Later this month, Indonesian motorists will see the country’s ‘luxury GST’ motor vehicle tax scheme (PPnBM) revised to incentivise low emissions, instead of the usual calculations based on low engine displacement that’s also familiar to Malaysians.
The move, which will be implemented onwards from October 16th according to Indonesian publication Kontan, sounds like a pretty significant step for renewing owners and buyers of new vehicles alike but is in line with the country’s intention to lower its collective carbon output.
Under government regulation there, specifically No. 73 of 2019 concerning a special ‘goods and services’ tax, all motor vehicles were classified as ‘luxury’ items which were calculated based on their engine displacement. However, to spur the automotive industry in the recovery phase of the pandemic, a discount was introduced for vehicles under 1500cc that is being extended until December 2021 - sounds pretty familiar.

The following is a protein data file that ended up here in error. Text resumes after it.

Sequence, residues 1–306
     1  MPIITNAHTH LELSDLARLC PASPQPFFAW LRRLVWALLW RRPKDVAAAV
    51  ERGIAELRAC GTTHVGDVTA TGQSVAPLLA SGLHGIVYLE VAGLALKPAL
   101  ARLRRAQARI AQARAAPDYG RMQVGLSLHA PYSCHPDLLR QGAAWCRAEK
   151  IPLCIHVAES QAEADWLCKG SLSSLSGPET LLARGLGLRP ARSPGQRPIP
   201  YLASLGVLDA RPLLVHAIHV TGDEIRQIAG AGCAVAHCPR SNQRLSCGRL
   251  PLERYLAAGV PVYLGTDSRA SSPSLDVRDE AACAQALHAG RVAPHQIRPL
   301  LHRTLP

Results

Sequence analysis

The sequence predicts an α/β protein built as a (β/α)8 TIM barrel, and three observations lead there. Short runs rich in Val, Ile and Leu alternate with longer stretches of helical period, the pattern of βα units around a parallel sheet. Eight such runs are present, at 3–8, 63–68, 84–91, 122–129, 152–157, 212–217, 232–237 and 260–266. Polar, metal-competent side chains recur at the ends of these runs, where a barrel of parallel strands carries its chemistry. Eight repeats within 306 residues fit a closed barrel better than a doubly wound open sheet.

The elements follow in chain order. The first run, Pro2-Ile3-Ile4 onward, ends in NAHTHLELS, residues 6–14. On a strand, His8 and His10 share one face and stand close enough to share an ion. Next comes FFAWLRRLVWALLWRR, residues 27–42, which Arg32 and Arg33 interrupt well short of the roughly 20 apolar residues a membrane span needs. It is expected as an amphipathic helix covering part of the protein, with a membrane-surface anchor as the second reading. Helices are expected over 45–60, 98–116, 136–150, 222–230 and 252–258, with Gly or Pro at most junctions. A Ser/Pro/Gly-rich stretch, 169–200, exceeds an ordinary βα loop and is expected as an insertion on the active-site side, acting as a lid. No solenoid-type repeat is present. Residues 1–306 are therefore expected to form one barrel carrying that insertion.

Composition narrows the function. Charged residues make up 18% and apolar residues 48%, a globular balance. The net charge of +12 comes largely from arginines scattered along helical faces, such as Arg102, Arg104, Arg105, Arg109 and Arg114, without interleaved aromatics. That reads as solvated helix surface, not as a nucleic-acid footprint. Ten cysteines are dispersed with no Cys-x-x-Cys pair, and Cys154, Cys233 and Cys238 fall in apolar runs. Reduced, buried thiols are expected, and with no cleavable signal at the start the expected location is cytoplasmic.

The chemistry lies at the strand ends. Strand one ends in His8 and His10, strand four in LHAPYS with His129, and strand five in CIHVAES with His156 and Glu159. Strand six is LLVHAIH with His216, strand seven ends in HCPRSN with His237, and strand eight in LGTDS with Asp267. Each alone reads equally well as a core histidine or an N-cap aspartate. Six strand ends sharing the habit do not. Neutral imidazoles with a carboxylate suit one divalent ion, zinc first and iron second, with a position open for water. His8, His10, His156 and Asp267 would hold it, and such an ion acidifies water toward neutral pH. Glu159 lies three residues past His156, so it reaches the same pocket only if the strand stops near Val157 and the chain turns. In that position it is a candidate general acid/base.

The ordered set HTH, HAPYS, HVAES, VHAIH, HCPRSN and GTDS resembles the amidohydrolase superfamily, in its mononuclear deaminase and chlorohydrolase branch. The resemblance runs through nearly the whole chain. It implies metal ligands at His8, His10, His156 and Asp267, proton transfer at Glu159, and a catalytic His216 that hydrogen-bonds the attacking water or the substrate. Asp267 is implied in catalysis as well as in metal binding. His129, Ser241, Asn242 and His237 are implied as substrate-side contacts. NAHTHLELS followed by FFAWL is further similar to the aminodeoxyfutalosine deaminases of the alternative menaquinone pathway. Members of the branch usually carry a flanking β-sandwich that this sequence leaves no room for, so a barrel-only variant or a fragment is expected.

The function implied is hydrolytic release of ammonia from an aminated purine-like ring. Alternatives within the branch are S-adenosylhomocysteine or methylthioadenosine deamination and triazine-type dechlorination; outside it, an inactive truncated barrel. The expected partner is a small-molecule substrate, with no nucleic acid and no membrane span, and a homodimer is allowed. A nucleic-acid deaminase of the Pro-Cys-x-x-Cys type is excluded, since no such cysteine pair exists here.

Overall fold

That said, it’s unclear to us how this alteration to tax structure will impact Indonesian car buyers’ wallets, as a previous Reuters report stated that the outgoing displacement-based scheme could account for 10% to up to 30% of vehicle cost.
Jongkie Sugiarto, chairman of the Association of Indonesia Automotive Industries (Gaikindo), expressed his agreement on this matter, saying: “There are types of motorised vehicles whose PPnBM rates have gone up, but some have gone down.”
Alongside this, the government is reported to also be readying a coinciding change to their Regulation No.74 of 2021 that will effect tariffs for battery electric vehicles (BEVs), plug-in hybrid vehicles (PHEVs), and hydrogen fuel cell vehicles (FCEVs), hopefully to encourage the adoption of these post-combustion transportation solutions and the development of its required infrastructure.
The switch to an emissions-based vehicle tax is very similar to how the majority of governments in the developed world structures the charges it levies to motorist, so in that view this is a step in the right direction as engine displacement is an antiquated and poorly correlates to a vehicle’s price, performance, or environmental impact.